During the tracheostomy procedure, ventilation of the patient was maintained. After administering local anaesthesia and making the incision at the point marked with USG, the percutaneous tracheostomy needle was inserted from the marked point, and the procedure was performed under continuous aspiration. The plastic cannula outside the needle was pushed into the trachea, over the needle when the air aspiration was initiated. Then needle was withdrawn and the guide wire was advanced through the plastic cannula and placed in the trachea. The entry point was then dilated to an appropriate extent, first using the plastic dilators and then the dilator clamp over the guide wire. A tracheostomy cannula of a size suitable for the patient was advanced over the guide wire and placed in the trachea. The cannula was fixed after confirming its location in the trachea by auscultation. The ventilator was then connected and restarted once the circuit was closed.

Descriptive statistics were calculated, including means, standard deviations, medians, minimums, maximums, frequencies and ratios. SPSS version 22 software (IBM, Armonk, NY, USA) was used.

RESULTS

In total, 24 patients with COVID-19 (mean age: 67.2 ± 10.1 years, females: 33.3%) who underwent percutaneous tracheostomy using an aerosol box, were included in the study. The demographic data of the patients are presented in Table I. Eight patients (33.3%) had cardiovascular disease, six (25%) had respiratory disease, six (25%) had diabetes mellitus, and four (16.7%) had more than one comorbidities. Four patients (16.7%) experienced minor bleeding related to performing the percutaneous tracheostomy, using the aerosol box. Subcutaneous emphysema occurred in two patients (8.3%). No healthcare workers were infected with SARS-CoV-2, while performing the tracheostomy procedure. Tracheostomy was closed in six patients (25%), six patients (25%) were discharged from the hospital with a mechanical ventilator, eight patients (33.3%) remained hospitalised, and four patients (16.7%) died.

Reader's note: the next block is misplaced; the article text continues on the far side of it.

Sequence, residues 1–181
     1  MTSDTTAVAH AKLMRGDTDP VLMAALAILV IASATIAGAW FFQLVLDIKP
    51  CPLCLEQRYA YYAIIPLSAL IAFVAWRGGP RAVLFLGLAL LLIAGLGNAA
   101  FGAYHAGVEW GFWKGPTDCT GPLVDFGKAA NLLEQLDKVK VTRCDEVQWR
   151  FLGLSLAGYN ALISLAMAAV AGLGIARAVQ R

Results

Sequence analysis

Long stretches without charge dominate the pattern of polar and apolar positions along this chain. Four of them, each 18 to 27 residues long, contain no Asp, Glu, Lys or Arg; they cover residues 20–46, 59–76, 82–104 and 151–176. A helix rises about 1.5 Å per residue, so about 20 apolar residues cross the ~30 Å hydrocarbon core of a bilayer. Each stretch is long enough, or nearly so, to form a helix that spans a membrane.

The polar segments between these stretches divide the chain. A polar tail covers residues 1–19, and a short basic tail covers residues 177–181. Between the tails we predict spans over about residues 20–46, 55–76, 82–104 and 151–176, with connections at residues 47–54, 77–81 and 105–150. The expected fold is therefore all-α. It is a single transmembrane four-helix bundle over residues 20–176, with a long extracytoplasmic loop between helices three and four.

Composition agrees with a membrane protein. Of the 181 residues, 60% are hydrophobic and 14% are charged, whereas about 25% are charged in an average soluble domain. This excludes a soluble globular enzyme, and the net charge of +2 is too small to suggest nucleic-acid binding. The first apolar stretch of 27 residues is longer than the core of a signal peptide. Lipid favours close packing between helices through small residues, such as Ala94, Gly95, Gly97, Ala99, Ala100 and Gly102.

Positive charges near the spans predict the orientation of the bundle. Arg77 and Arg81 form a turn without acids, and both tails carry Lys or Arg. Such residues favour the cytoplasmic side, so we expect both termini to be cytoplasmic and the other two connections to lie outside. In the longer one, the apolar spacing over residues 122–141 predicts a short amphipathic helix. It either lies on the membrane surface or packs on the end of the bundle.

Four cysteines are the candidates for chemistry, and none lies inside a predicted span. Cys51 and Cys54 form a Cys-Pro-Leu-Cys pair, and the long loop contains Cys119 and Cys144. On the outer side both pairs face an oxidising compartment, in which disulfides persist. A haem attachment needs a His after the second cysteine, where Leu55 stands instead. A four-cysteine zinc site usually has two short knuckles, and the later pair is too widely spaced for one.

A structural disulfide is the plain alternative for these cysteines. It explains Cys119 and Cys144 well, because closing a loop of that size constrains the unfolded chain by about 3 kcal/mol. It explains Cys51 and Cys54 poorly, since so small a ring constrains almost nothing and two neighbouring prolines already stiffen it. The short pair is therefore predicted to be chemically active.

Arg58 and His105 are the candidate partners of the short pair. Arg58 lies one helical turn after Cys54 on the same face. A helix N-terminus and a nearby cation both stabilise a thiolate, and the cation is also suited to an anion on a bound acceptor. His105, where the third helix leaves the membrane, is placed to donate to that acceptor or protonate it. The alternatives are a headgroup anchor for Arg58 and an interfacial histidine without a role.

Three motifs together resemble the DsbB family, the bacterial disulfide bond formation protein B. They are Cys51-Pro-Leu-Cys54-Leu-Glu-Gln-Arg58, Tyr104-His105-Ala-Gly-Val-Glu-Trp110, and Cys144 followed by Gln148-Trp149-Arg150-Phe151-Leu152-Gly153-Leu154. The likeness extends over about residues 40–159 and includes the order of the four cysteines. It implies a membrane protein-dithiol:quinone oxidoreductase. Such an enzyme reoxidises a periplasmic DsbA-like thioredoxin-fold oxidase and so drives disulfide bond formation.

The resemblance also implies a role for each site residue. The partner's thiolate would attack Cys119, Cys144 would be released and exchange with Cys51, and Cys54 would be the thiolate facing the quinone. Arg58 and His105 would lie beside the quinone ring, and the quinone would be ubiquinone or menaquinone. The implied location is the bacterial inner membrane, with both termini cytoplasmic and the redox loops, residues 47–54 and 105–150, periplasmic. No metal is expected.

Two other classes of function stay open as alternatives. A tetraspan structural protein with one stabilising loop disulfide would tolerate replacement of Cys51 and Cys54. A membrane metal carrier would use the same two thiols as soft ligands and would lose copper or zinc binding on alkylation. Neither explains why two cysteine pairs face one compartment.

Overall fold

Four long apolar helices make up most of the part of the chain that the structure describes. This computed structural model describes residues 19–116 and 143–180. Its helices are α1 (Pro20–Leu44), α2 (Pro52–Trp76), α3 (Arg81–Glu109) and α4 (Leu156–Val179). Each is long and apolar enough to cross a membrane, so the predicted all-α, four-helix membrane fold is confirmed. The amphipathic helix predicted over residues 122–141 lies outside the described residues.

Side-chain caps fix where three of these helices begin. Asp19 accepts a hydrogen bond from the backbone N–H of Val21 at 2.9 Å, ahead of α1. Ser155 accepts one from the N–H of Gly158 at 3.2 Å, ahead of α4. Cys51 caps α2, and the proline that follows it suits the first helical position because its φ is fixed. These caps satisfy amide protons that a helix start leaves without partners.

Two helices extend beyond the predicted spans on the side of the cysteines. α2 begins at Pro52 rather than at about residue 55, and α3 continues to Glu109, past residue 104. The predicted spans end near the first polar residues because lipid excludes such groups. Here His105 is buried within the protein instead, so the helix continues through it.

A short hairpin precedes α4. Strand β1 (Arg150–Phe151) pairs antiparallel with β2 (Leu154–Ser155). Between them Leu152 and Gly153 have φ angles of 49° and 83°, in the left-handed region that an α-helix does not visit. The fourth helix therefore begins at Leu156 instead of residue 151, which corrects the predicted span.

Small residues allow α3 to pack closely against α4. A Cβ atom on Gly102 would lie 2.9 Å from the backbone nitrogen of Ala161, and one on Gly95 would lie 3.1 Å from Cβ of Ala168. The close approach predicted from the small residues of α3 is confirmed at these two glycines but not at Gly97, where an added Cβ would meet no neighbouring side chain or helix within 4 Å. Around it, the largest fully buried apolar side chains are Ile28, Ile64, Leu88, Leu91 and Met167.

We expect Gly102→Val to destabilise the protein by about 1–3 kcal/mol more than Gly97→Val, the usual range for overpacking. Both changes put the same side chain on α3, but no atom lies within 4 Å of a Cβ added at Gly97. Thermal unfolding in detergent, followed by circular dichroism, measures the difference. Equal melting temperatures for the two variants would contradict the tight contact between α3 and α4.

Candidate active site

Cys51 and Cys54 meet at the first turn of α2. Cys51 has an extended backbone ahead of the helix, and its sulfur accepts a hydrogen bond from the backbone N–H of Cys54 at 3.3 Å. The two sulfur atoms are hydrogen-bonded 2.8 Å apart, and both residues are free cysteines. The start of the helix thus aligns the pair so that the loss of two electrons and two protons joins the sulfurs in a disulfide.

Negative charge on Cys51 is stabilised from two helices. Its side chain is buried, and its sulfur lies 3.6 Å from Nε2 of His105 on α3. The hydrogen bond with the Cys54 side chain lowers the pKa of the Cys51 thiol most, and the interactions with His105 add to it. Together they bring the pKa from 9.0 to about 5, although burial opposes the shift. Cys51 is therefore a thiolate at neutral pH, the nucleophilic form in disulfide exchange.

Table I: Demographic data of the patients.

Characteristics

Range (min-max)

Median

Mean ± SD or n and %

Age (years)

54-85

66

67.2±10.1

Sex F/M

 

 

8 (33.3%) / 16 (66.7%)

Days intubated before tracheostomy

12-15

14

13.5±1.3

APACHE II score at ICU admission

8.8-16.4

14

12.7±2.5

Duration of tracheostomy opening time (min)

10-16

14

13.4±2.2

DISCUSSION

This study has shown that the use of an aerosol box during the percutaneous tracheostomy procedure of intubated patients with COVID-19 was adequate in terms of both efficacy and safety. For this reason, this procedure can be used as an alternative method to traditional tracheostomy in patients followed up in the ICU. Tracheostomy is performed to reduce the complications that may develop due to prolonged endotracheal intubation. The overall aims of tracheostomy are to reduce laryngeal damage, to facilitate nursing care and aspiration of the respiratory tract, to increase the patient's mobility by providing a safe airway, to facilitate the transfer of the patient from the ICU, to improve the patient's comfort and to ease oral nutrition. In addition to maintaining the airway and preventing complications related to intubation in the ICU, a tracheostomy also decreases dead space volume, reduces airway resistance and facilitates weaning from ventilation.8 Furthermore, studies have demonstrated that pronounced laryngeal oedema and laryngeal ulcerations occur in patients with COVID-19.9 In the post-intubation period, coronaviruses are known to cause laryngeal oedema and laryngitis, and SARS-CoV-2 is also thought to have additional direct laryngeal effects in some individuals.10,11